August 21, 2019
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Mainers can still get arrested when calling 911 if someone overdoses

BDN File | BDN
BDN File | BDN
Lighted paper bags stand as memorials to those lost at a drug overdose victims' vigil in Portland's Monument Square, Aug. 31, 2015.

AUGUSTA, Maine — A bill meant to encourage calling emergency workers for drug overdose victims died Tuesday when the House of Representatives upheld Gov. Paul LePage’s veto of the measure.

In its original form, LD 1079 proposed exempting such a person from arrest or prosecution, but it was softened during the committee process to provide an affirmative defense during court proceedings, after an arrest and the filing of charges. An affirmative defense is a set of facts other than those alleged by a plaintiff or prosecutor that a defendant can argue as a mitigating factor.

LePage argued in his veto letter that putting drug users in contact with the criminal justice system could help them by qualifying them for programs such as drug court or medical treatment.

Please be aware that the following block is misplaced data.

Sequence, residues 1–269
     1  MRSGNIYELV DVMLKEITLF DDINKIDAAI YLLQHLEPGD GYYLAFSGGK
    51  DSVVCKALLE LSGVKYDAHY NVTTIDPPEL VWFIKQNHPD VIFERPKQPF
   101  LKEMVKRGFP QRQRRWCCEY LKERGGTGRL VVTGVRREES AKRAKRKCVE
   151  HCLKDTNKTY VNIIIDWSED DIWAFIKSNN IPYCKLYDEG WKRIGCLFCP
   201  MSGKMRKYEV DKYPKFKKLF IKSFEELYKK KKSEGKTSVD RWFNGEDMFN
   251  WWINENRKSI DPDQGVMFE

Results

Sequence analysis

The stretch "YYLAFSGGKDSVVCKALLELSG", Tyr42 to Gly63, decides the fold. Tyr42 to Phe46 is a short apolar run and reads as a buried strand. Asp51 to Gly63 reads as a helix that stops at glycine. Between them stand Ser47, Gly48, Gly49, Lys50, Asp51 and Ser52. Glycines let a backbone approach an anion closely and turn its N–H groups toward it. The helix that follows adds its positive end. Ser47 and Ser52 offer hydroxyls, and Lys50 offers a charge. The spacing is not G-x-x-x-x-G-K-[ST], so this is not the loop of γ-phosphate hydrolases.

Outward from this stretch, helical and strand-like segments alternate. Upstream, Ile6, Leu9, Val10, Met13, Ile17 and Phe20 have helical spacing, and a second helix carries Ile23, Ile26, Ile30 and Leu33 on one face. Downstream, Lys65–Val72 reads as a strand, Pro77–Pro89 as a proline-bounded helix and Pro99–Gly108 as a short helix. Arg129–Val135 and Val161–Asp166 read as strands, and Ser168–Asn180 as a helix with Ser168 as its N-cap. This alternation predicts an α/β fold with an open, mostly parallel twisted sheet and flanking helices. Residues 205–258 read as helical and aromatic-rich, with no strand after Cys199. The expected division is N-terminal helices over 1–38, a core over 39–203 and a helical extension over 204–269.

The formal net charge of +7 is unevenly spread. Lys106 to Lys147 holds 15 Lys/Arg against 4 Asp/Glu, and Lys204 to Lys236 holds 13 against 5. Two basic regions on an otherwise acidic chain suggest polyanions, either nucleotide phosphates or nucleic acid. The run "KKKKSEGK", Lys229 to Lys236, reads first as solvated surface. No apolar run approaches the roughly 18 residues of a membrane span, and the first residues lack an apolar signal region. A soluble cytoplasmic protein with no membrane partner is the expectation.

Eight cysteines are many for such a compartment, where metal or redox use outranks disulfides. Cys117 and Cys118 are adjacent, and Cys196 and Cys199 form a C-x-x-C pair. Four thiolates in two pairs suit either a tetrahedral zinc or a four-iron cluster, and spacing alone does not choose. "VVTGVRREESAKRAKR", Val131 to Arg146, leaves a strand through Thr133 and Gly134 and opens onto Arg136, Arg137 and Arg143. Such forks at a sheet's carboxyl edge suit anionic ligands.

“This bill and those like it that propose immunity for drug users make me wonder, ‘What’s next?’” LePage wrote. “Would these people actually let their friends die in order to avoid a misdemeanor offense that probably would go unprosecuted anyway? I believe the answer to this question would be no.”

House Minority Leader Ken Fredette, R-Newport, who is an attorney, said the bill would set free defendants who in many cases should face criminal consequences.

“There would be a lot of attorneys looking to this affirmative defense as a way out for their clients,” Fredette said. “That is what attorneys get paid to do. … You’ll be seeing people go free who otherwise would be convicted of serious crimes.”

Rep. Barbara Cardone, D-Bangor, urged her House colleagues to trust the courts.

“This is not a bill that grants immunity. It’s not a bill that excludes evidence. It’s not a bill that deters arrest,” Cardone said during House debate. “The amendment that was passed by the committee is language that provides an affirmative defense if someone has called an emergency provider if they or someone they are with is suffering a drug overdose.”

The House voted 91-55 in favor of overriding LePage’s veto, which was short of the required two-thirds threshold for overriding a veto. The bill originally passed through the Legislature with unanimous support.

 



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